The nineteenth-century German philosopher, Friedrich Wilhelm Nietzsche (1844-1900), initiated a form of modern philosophy known as “existentialism,” which posits that human beings are each individually responsible for generating purpose and meaning in their lives.
Nietzsche was a radical in every sense of the word – anti-government, anti-religion, anti-God, anti-nationalist – a classic anarchist, even if he disparaged anarchism in his writings.
After suffering from ill-health for most of his life, Nietzsche experienced a devastating mental breakdown in 1889, at the age of 45, from which he never recovered.
Following Nietzsche’s death in 1900, his sister Elisabeth, a radical nationalist and rabid antisemite, maintained total control of his archives, which resulted in the publication of his ideas through a German ultranationalist lens, often in contradiction to Nietzsche’s own previously published opinions. Consequently, Nietzsche’s philosophy became closely associated with Nazism, although, quite astoundingly, there was no shortage of contemporary Jewish Nietzsche admirers – including Ahad Ha’am, Martin Buber, and Chaim Weizmann, who actually sent a bunch of Nietzsche books to his wife as a gift, telling her: “this is the best and finest thing I can send you.”
Nietzsche was a huge fan of the American essayist, Ralph Waldo Emerson (1803-1882), inspired by Emerson’s promotion of the transcendentalist movement, which believed in the inherent goodness of people and nature, encouraging a life of “self-reliance.” According to Emerson, “self-reliance” meant people doing everything in their power to avoid conformity, instead following their conscience and doing their own thing.
The distinct difference between Nietzsche and Emerson was that Nietzsche fully recognized and embraced the dark side of individualism. He profoundly understood that the life of a non-conformist would be an endless struggle, although he thought this was actually a good thing, because you emerge from struggle a greater person – or, as he famously put it: “Out of life’s school of war—what does not kill me makes me stronger.”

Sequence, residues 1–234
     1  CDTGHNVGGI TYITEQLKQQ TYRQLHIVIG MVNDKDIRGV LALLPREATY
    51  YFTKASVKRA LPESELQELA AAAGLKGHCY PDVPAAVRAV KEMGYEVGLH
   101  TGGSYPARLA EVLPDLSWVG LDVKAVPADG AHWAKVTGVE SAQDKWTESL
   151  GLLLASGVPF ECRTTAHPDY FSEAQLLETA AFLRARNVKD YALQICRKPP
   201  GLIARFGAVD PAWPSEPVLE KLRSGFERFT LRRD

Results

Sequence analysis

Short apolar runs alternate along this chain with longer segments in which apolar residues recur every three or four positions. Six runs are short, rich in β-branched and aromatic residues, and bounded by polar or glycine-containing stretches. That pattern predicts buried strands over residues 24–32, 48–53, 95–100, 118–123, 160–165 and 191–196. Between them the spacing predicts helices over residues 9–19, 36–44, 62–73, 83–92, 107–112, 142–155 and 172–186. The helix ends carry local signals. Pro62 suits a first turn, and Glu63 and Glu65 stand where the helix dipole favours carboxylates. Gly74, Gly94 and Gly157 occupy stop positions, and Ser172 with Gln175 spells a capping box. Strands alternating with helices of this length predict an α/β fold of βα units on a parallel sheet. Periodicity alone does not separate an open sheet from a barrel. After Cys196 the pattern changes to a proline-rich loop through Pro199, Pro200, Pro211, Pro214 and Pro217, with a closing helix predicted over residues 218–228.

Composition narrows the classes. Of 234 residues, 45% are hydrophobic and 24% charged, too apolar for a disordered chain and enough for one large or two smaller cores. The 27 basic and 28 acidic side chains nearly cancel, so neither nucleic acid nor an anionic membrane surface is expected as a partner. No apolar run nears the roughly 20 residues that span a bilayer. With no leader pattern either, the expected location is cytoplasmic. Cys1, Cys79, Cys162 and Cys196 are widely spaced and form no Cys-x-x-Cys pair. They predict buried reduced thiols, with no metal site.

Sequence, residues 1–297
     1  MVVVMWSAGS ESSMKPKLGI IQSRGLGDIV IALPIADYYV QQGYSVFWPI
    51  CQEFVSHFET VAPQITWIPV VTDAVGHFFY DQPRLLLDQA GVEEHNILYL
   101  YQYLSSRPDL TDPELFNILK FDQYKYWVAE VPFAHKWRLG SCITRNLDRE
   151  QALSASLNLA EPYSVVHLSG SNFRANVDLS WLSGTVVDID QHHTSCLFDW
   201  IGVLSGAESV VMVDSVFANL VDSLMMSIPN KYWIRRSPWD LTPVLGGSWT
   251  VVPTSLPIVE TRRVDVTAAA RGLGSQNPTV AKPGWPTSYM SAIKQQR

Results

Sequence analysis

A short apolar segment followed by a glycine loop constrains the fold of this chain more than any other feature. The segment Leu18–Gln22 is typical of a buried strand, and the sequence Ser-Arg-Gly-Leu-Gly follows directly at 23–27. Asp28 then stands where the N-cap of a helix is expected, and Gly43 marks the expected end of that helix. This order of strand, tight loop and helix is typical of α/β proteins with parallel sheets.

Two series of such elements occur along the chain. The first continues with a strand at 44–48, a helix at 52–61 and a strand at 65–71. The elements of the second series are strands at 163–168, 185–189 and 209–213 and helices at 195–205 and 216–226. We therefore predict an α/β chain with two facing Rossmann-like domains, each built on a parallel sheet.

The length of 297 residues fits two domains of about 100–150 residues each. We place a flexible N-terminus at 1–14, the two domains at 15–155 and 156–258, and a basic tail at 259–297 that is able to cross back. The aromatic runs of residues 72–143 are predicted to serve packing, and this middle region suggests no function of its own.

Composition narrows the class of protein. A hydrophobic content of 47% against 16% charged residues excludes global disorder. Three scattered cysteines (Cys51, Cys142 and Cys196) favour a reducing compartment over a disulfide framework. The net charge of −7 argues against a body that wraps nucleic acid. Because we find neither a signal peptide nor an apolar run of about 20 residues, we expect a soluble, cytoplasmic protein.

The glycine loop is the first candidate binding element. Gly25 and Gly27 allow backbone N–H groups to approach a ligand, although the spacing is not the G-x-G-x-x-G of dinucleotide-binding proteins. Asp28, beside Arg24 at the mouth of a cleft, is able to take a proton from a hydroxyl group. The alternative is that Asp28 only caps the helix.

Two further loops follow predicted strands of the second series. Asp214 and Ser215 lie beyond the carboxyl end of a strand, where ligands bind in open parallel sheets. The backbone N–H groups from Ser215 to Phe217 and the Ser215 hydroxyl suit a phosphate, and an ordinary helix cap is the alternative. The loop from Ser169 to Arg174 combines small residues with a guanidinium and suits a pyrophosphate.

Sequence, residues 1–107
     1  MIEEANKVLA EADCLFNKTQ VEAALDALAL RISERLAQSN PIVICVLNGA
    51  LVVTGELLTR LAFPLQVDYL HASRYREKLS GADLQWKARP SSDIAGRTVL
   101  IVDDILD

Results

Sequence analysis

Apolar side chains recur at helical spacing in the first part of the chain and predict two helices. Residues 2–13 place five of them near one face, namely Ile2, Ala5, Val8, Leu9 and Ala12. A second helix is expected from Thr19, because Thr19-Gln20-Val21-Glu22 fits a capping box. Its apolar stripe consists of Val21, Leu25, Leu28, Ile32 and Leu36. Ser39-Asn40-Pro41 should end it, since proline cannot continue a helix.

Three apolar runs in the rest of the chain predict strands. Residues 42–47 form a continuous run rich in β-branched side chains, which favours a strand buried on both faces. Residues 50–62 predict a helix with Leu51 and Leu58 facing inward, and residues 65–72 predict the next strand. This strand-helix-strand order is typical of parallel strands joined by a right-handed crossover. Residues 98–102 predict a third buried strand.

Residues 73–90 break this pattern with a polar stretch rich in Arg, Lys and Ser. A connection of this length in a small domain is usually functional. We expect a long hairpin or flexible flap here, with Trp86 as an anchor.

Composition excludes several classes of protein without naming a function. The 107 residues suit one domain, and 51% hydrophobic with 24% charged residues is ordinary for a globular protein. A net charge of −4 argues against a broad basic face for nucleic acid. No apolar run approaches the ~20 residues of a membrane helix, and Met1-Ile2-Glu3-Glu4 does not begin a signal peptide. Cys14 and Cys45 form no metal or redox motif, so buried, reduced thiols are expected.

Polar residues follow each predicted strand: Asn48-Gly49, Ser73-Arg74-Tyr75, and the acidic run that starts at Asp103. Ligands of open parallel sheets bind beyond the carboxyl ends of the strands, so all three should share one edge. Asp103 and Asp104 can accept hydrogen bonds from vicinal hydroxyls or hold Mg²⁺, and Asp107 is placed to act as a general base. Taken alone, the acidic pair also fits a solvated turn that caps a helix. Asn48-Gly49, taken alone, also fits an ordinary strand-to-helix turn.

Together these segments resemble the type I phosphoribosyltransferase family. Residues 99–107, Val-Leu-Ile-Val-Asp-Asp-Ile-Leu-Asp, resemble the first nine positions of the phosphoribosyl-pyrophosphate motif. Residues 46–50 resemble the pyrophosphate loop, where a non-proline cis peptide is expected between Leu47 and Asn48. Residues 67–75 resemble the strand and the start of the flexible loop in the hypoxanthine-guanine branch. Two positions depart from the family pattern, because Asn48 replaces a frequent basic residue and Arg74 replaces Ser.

In recent years this pithy aphorism has taken on a life of its own, even finding its way into a Kelly Clarkson hit song, and as the album title for an eclectic Bruce Willis Motown release.
Nietzsche, who initially published the maxim in a book of unexplained one-liners, later explained its meaning in his autobiography Ecce Homo, which was only published 8 years after his death. He suggests that the best kind of people are those who can divine remedies for their injuries, and who know “how to turn serious accidents to [their] own advantage.”
On the basis of this explanation, Michael Brady, professor of philosophy at Glasgow University, believes that Nietzsche never meant that all suffering results in strength, but rather that if one embraces suffering as an opportunity to build strength, it will certainly lead to greater strength.
This idea resonates with a unique understanding of the curious conversation between Jacob and Pharaoh found in Parshat Vayigash. The Torah records just a brief snippet of the dialogue that took place between them, but the extract we have is both remarkable and intriguing.
Pharoah asks Jacob how old he is, to which Jacob responds (Gen. 47:9): יְמֵי שְׁנֵי מְגוּרַי שְׁלֹשִׁים וּמְאַת שָׁנָה מְעַט וְרָעִים הָיוּ יְמֵי שְׁנֵי חַיַּי וְלֹא הִשִּׂיגוּ אֶת יְמֵי שְׁנֵי חַיֵּי אֲבֹתַי בִּימֵי מְגוּרֵיהֶם – “The years of my sojourn [on earth] are one hundred and thirty; few and hard have been the years of my life, nor do they come up to the life spans of my ancestors.”
Many of the commentaries struggle with Jacob’s seemingly negative answer, and Daat Zekeinim even quotes a Midrash suggesting that as a result of this reply, 33 years were docked from Jacob’s life.
But the celebrated Jerusalem maggid, Rav Mordechai Druk (1944-2010), has a totally different take, highlighting both Jacob’s challenging life and his ability to turn every challenge into an opportunity.
When Pharoah saw Jacob, he was immediately struck by his piety and holiness, a state he imagined could only be achieved by having reached a very advanced age. According to the Talmud (Bava Metzia 84a), Jacob’s appearance was a reflection of the preternatural beauty of Adam, the first human being. Pharoah’s assumption was that Jacob must be very very old, and that’s what prompted him to ask for his age.
But Jacob smiled and shook his head. “You are mistaken,” he told Pharaoh. “Yes, I am old, but I’m not as old as many who have lived before me.” Pharaoh was taken aback by this response, so Jacob explained. “It doesn’t take an excessively long life to achieve a superlative spiritual state,” he told Pharaoh. “What it takes is a hard life lived consciously and productively.”
People can live for many decades and never experience true difficulty – or, if they do fall upon hard times, they don’t use the challenges they encounter as a growth opportunity. But if you live a life full of trials and tribulations, and each of those difficulties is embraced as a source of growth and strength, then even if your life is relatively short, you can soar to the greatest heights.
“Yes, I may be a spiritual giant,” Jacob explained to Pharaoh, “but it has nothing whatsoever to do with being old.”
It is a staple of human nature to complain and moan when things get tough, and to resent a difficult life when there are others around who seem to have it so much easier. But that approach is both wrong and self-defeating. In fact, those who have it tough have an advantage over those who don’t – as long as they recognize that advantage and exploit it to the full. Because, “out of life’s school of war—what does not kill me makes me stronger.”